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Evolving Management Skills: How One CEO has Adapted Her Style

One of the important distinctions that Linda Lausell Bryant makes to her employees is this: we are a team and …

One of the important distinctions that Linda Lausell Bryant makes to her employees is this: we are a team and not a family. Though you may run a close-knit group of employees working toward a common goal (in Bryant’s case Inwood House, which focuses on teenagers’ health issues) you’re running an organization and not a household. In an interview with The New York Times Bryant says, “We’re not a family, because in a family you can never fire somebody like your Uncle Joe. You just can’t. You have to put up with him because he’s family. In an organization, if someone is taking the organization down, we can’t accept that because the organization is bigger than any one of us.” Earlier in her career, the organization had taken on the role of a family, and Bryant knew that she needed to stop it.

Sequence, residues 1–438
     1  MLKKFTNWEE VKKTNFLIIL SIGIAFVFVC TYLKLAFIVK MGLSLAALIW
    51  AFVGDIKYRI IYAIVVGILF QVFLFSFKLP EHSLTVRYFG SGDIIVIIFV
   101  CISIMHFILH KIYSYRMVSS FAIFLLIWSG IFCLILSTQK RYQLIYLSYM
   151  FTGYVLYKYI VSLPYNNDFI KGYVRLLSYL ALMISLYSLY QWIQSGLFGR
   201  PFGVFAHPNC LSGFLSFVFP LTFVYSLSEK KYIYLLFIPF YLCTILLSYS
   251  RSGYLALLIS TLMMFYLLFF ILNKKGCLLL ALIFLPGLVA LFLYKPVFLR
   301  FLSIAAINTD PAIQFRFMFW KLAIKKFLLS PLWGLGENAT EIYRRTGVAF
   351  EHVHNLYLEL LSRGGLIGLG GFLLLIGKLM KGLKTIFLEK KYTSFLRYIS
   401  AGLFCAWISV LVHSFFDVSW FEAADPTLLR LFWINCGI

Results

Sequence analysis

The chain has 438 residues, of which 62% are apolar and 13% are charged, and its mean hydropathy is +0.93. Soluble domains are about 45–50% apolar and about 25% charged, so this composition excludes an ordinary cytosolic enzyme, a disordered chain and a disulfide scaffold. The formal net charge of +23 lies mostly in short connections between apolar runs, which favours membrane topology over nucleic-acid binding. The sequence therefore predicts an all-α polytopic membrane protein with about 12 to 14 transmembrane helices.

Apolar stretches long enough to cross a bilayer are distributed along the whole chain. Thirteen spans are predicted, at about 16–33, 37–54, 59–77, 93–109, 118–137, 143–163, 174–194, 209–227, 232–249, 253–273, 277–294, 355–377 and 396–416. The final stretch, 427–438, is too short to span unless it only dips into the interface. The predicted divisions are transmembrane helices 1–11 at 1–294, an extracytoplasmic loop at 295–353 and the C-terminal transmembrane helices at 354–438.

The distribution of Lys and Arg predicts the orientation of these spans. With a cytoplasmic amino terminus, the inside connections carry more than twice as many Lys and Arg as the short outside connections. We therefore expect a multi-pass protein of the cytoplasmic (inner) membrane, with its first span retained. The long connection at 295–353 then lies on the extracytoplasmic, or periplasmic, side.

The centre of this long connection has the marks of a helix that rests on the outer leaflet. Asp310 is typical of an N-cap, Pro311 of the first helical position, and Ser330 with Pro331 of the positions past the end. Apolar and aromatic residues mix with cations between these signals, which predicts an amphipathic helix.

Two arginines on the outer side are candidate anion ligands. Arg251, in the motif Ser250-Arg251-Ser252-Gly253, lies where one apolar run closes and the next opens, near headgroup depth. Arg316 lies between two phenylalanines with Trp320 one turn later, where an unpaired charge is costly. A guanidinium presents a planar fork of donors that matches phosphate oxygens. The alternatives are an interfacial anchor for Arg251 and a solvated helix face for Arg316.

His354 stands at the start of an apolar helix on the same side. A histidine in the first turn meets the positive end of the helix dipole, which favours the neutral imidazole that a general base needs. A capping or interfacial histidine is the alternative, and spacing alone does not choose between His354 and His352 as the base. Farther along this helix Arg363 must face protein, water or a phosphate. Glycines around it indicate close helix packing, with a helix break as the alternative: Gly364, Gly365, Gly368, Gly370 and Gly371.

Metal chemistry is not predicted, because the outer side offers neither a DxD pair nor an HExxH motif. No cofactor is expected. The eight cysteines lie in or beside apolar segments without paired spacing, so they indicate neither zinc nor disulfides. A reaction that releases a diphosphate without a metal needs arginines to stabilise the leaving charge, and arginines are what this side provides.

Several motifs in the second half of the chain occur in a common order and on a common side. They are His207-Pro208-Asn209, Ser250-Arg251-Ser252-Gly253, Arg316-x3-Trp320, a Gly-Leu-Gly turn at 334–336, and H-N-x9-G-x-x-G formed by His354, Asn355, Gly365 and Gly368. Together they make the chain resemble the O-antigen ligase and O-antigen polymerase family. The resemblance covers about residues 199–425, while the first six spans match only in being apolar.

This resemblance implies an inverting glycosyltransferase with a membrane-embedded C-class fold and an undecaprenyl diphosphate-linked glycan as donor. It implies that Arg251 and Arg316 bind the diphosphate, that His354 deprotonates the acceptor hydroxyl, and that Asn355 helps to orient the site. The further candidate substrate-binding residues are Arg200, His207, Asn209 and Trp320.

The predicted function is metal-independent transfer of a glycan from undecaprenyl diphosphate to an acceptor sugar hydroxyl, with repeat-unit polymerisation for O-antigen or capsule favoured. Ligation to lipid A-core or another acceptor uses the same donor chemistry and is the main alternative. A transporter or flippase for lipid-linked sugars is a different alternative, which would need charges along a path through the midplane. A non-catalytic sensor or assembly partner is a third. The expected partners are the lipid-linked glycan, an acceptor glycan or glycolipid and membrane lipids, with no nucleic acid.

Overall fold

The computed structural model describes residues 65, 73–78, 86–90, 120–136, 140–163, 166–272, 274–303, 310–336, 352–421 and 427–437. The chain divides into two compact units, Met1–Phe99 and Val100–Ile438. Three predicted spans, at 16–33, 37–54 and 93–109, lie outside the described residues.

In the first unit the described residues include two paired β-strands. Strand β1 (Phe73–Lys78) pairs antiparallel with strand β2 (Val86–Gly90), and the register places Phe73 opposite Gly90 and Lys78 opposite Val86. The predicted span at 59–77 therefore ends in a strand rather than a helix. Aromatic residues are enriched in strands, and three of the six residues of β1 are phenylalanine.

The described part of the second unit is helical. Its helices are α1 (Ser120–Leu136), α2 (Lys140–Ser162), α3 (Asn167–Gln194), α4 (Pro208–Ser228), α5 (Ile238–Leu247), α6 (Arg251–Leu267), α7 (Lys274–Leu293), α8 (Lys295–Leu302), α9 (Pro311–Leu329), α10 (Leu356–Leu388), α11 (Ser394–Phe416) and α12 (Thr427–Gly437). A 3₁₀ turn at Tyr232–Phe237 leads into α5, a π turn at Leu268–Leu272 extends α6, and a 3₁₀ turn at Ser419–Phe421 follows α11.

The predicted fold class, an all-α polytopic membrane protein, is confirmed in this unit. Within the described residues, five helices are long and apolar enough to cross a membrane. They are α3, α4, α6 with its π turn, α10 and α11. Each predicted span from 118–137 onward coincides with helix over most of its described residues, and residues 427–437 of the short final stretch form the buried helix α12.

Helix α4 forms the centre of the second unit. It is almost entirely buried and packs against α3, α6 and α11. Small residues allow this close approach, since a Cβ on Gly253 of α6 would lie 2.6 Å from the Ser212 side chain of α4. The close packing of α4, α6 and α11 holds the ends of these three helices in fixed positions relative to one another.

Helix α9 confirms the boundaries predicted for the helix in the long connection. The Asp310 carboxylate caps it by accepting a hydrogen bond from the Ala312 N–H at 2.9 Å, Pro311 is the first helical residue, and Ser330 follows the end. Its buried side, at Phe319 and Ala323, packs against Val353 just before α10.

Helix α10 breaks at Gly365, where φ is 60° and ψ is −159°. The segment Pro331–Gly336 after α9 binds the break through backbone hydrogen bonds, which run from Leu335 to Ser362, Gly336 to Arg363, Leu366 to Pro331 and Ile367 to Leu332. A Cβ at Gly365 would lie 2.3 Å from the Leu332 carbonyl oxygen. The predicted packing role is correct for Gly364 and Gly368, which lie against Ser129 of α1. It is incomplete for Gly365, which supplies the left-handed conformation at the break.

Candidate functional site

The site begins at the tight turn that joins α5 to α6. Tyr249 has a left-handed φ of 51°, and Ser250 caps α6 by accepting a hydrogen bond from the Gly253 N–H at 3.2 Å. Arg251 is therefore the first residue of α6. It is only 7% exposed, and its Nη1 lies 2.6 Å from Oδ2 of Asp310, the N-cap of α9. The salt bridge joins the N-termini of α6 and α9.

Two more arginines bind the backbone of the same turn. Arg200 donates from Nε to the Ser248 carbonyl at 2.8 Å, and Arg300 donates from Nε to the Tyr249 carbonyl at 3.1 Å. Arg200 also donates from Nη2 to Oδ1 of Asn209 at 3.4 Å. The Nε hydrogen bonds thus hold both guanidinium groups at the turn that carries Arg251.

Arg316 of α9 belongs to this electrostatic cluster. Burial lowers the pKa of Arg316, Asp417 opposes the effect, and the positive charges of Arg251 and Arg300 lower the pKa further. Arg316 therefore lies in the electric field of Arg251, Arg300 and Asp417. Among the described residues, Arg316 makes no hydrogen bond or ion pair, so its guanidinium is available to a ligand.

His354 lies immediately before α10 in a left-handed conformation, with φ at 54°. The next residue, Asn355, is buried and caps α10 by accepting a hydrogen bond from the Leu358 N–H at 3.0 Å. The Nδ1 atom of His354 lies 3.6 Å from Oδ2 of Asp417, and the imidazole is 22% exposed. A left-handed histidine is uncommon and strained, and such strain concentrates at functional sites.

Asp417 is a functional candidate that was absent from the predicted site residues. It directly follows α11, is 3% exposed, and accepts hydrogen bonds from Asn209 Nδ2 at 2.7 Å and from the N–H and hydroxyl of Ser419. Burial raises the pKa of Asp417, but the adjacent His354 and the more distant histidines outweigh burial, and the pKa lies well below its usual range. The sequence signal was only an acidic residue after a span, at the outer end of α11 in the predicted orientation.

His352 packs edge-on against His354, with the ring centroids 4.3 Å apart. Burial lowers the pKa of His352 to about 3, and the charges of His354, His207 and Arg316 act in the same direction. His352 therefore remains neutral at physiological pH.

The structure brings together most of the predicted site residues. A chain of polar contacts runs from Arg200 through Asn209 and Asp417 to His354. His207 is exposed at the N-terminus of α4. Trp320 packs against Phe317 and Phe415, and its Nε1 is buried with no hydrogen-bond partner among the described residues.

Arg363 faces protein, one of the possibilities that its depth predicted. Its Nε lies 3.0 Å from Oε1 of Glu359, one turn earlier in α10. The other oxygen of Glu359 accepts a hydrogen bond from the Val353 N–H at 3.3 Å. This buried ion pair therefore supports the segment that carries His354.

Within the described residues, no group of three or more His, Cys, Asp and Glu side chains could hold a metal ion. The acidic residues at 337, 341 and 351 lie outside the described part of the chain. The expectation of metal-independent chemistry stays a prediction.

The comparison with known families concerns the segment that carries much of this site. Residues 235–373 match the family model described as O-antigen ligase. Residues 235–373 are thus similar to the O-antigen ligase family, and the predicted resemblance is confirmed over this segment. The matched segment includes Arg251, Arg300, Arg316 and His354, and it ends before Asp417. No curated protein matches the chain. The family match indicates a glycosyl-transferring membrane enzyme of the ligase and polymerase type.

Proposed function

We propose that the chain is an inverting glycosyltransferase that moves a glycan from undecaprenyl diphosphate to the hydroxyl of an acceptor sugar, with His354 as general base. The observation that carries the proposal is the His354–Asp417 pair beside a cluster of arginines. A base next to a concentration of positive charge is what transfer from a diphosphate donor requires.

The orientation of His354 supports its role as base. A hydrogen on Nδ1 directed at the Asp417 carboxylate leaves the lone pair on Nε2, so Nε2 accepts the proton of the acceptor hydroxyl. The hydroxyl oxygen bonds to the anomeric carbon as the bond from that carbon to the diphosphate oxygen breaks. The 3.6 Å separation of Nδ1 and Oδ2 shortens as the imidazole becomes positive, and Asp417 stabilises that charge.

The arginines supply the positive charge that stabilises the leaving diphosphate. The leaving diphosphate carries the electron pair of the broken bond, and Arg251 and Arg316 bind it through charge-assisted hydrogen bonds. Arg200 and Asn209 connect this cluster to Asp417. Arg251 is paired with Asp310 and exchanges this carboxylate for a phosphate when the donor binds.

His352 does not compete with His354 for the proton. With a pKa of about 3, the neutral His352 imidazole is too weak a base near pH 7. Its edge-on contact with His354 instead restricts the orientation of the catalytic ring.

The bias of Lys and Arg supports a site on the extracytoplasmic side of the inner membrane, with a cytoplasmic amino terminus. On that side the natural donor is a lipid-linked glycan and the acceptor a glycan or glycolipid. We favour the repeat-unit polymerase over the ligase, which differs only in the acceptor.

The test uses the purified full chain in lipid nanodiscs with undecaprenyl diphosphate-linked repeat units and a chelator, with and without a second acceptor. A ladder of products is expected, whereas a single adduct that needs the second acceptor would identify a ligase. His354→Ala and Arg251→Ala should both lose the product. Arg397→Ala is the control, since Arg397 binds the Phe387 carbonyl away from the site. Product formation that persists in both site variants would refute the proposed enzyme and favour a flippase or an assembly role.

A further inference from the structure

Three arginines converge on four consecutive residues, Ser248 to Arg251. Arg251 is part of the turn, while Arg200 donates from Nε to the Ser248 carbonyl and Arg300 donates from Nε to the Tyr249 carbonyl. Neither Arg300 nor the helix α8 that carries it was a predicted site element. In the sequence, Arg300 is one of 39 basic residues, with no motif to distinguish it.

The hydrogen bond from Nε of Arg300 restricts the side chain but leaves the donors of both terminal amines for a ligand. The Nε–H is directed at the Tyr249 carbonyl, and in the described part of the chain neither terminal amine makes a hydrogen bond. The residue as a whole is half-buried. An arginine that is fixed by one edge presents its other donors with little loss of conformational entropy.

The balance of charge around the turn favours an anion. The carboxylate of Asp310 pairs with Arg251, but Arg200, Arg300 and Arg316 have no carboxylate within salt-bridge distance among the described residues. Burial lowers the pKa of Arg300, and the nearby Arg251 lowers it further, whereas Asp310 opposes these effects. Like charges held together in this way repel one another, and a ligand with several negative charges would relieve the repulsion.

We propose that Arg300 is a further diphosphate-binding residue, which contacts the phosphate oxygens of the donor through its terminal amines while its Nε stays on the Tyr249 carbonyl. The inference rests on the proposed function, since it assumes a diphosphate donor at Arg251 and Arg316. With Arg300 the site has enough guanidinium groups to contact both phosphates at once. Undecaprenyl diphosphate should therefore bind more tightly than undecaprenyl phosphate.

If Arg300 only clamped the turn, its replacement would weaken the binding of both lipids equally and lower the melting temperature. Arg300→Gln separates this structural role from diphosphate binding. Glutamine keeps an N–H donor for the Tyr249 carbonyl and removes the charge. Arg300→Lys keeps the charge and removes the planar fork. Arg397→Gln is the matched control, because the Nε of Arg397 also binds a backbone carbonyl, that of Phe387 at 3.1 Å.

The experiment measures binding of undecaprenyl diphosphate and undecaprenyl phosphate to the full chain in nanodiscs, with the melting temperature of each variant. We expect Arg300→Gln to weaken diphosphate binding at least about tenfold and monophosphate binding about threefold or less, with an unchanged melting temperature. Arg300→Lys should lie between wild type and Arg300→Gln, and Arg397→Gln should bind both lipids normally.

Bryant now realizes that sometimes a leader has to disappoint his/her people, but she’s okay with that, “I’d like everyone to be happy, but I can take it if they’re not. And I no longer feel like it’s my job to make sure everyone is happy. My job is to fulfill the mission of this organization, and to make sure that all the pieces are in place so we can do that.”

One of the ways she brought the organization together was to start quarterly meetings with all employees – from the maintenance and cooking staff to the executive team. Not only does everyone bond over successes and failures, but they get to brainstorm solutions.

And Bryant makes sure that all new hires fit the office culture, that everyone is passionate and hard-working; Inwood House is not just a place-card to hold someone over until they further their career.
Bryant’s management lessons are applicable across a number of fields, especially in smaller businesses; the leader needs to take the reins and run with it.

Read: Note to Staff: We’re a Team, Not a Family

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